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Remember cliques? Those little groups that formed in high school, usually amongst girls?
Cliques were when little clans of two or three girls would gather in hallways, bathrooms, lunchrooms and the gym. Anyone who wanted to enter their exclusive group was given a non-verbal look that said loud and clear, “you’re just not cool.”
Fast forward to a group of 30-something women (never men – they are just not into cliques!). These types of scenarios occur with adults as well, unfortunately. Snobbishness, exclusionary behaviors, talking only to folks from one’s inner circles and not trying to expand horizons and meet new people. Intolerance, prejudice, elitism. It’s all there.
Last night my husband and I had an amazing, warm and fuzzy experience at a lovely party.
We went to a dinner party that was held in honor of our rabbi’s son who got married last week. The party, or sheva brachos (one of seven nightly parties held for the week after a couple gets married) was lovely. What amazed me was the warmth and friendship amongst our shul (synagogue) members. My husband and I have been attending this shul for the past several decades, as have many of our friends. And the shul keeps growing and new members keep joining. As soon as someone joins, they are greeted warmly by a welcoming committee, and are invited out for Shabbos meals.
Sometimes members move away, often to Israel or somewhere across the U.S. And yet, everyone stays close. We celebrate the happy occasions from afar of the ones who move away, and we embrace and rejoice with the life cycle events of those who join us. We are all one family.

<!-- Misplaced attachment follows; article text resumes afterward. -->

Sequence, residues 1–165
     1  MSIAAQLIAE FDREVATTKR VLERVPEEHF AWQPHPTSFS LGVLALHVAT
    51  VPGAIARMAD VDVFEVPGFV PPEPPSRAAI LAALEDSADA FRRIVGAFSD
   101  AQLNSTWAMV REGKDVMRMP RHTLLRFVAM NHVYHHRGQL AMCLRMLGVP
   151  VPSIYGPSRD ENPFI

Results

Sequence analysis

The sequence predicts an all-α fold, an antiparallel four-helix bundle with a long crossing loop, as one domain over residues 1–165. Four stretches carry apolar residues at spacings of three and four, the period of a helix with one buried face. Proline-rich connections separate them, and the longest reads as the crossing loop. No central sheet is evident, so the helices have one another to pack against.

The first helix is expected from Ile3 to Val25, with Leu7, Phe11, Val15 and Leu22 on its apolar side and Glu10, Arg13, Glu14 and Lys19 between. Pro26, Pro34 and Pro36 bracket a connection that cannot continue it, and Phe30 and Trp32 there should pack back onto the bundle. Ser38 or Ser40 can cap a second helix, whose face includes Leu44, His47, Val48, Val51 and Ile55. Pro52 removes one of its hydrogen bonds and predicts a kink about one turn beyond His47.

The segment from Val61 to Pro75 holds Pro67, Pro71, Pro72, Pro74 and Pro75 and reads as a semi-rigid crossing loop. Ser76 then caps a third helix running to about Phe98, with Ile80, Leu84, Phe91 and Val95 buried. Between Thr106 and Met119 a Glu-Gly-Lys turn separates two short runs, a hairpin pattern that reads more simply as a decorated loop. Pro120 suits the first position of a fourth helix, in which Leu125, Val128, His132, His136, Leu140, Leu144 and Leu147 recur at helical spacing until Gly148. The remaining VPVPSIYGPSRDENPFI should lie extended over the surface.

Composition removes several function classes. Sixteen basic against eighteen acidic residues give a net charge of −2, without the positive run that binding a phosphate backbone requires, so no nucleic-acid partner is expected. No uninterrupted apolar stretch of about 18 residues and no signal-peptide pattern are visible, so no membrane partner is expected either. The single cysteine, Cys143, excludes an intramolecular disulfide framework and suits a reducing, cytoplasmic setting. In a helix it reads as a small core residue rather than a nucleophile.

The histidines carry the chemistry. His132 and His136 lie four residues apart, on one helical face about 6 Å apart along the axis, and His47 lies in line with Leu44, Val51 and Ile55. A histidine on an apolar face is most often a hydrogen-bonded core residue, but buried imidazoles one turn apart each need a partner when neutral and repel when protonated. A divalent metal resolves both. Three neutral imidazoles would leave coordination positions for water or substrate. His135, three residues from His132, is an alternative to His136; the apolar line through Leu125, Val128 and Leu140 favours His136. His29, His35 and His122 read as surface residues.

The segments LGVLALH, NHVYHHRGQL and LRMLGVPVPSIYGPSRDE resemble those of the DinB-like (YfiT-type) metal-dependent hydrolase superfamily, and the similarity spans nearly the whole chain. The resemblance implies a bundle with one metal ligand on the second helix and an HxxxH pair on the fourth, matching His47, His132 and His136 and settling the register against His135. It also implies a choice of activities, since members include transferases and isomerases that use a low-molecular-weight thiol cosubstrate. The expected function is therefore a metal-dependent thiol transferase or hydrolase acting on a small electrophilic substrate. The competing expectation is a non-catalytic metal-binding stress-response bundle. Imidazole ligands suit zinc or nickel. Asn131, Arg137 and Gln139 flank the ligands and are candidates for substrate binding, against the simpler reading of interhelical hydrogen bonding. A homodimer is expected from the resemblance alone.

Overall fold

At the party last night, I experienced all that. It suddenly dawned on me: We have a wonderful Shul with wonderful people.
I felt that wonderfulness completely. I heard it in the speaker who recounted his memories teaching the groom back in 3rd grade when he was a rookie teacher. I saw it in the gorgeous centerpieces, crafted by a committee of talented ladies who arranged the catering and party planning. I tasted it in the chicken that was stuffed with something so delicious. And I felt it in the warmth of the hugs distributed between some of the family and myself.
Inclusion is a hot word these days. In special education, teachers are encouraged to include special needs children with typical children in the same classroom, and run classrooms that work. With inclusion aides, sensitivity awareness amongst students, and other accommodations this works very well.
But adults are not always so cheery and kumbaya. Cliques and exclusionary behaviors abound and it is really pretty sad.
Often when there is a group of adults mingling at a social hall for a wedding, bar mitzvah, engagement party or charity function, you will see a scene not so different from the backyard politics of high school girls.
Someone might go over to sit down at a table full of people, find an empty chair and be told, “Oh – that seat is being reserved!”
But, as I experienced last night at the Shul event, none of that has to happen. It can be warm and fuzzy if we just make it that way.
What has your experience been at a recent party or community event? Let me know. I’d love to read your thoughts.
Tags: acceptance, cliques, community, friendships, high school, inclusion, social events, tolerance